Both projects include improvements identified by condition assessments, including upgrades to mechanical systems, windows, façades and parking lots. Both remodels must meet LEED Silver Certification.
The teen center project also includes landscaping, possibly building a deck on the Ashley Pond side, security measures and audio-visual and acoustical infrastructure for anticipated A/V equipment to be provided by the Teen Center.
The White Rock project expands the senior center into two of the four municipal complex buildings. The remaining two will be shared community space.
The design calls for a commercial kitchen for the senior center.
Pauline Schneider, the executive director of the senior center, is pursuing additional funding to improve the project, with a focus on the kitchen.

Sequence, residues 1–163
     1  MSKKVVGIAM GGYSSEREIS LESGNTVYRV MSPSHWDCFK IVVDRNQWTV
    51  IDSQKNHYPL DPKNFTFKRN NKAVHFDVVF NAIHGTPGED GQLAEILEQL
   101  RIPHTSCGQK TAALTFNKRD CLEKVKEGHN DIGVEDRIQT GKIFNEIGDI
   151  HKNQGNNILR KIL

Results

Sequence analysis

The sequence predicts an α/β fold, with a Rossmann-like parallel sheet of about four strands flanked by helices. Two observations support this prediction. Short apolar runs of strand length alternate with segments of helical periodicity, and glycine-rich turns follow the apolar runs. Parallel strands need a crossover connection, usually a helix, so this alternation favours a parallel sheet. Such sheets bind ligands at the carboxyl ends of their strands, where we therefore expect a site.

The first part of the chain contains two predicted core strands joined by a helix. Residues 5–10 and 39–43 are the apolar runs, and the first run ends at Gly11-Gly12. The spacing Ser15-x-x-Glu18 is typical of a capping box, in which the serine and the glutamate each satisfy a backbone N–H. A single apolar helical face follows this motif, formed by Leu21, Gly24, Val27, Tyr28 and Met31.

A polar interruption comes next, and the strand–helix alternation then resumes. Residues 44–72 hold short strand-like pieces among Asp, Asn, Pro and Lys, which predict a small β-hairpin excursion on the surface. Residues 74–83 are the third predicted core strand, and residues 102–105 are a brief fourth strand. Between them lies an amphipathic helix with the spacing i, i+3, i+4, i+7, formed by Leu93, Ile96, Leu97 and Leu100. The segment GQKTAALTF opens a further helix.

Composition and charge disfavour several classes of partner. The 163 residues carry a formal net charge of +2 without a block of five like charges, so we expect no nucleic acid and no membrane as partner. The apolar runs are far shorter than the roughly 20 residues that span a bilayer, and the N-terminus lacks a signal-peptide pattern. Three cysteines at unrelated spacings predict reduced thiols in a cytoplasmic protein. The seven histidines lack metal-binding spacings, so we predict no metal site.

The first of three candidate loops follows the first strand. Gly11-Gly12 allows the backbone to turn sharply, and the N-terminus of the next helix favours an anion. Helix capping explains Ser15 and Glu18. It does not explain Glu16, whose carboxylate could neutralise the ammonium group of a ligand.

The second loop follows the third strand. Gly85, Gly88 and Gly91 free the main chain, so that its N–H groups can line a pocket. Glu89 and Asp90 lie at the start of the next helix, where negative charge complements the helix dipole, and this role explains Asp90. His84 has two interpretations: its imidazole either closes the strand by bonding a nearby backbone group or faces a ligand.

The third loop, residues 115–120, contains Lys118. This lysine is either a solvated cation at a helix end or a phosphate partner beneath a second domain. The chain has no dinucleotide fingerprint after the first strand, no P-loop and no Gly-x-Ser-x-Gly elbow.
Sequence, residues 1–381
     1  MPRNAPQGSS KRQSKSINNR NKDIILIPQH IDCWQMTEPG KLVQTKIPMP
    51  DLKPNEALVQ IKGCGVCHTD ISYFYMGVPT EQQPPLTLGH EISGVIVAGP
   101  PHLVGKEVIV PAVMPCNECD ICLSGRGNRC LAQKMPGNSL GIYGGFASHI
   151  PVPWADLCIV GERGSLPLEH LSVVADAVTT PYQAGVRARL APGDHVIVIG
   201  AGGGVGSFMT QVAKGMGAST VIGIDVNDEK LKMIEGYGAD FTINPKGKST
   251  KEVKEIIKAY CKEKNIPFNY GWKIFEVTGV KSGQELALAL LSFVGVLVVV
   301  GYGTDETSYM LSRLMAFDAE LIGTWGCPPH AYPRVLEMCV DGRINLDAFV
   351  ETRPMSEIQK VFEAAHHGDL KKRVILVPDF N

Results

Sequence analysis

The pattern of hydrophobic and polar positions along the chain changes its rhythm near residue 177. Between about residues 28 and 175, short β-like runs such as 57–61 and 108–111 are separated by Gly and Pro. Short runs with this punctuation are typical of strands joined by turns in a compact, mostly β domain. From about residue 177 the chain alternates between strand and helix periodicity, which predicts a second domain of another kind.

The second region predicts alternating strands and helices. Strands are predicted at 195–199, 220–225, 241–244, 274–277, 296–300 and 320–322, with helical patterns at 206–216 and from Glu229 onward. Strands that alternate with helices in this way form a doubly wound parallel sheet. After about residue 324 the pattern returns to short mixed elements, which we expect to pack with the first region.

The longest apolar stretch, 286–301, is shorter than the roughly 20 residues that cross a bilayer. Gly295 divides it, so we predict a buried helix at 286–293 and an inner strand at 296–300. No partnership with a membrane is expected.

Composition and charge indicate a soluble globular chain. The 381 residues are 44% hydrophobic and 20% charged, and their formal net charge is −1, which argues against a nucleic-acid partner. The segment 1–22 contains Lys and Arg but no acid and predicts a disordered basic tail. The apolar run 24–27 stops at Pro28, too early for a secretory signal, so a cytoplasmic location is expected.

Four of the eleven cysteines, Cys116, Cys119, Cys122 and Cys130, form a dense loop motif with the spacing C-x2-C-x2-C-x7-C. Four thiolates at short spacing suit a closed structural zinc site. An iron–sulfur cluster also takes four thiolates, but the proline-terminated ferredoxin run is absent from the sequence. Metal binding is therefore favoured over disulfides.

NCA will be locked into the cost estimate they provide at the end of design development, which may require additional condition assessment.
Councilor David Izraelevitz asked how “lessons learned” at the current teen center will be applied to the new facility.
“The teen center was a sponsor of the original study, and their information and requests were very detailed in that study,” Laurent said. “Those have changed a little because of the reduced scope, but we documented what were the priorities to retain from that original study.
“We will work with them through the design and they’ll get to decide what priorities we want to carry forward. It will be a collaborative decision on how to spend this money.”
The design work for the White Rock project may be completed prior to placing the project to bid for construction, since the remodel has to be timed with the completion of the new library.
The county is also looking for lease space in White Rock so the senior center can continue to function while the construction is underway.
The WRMPIC provided a letter in support of the project.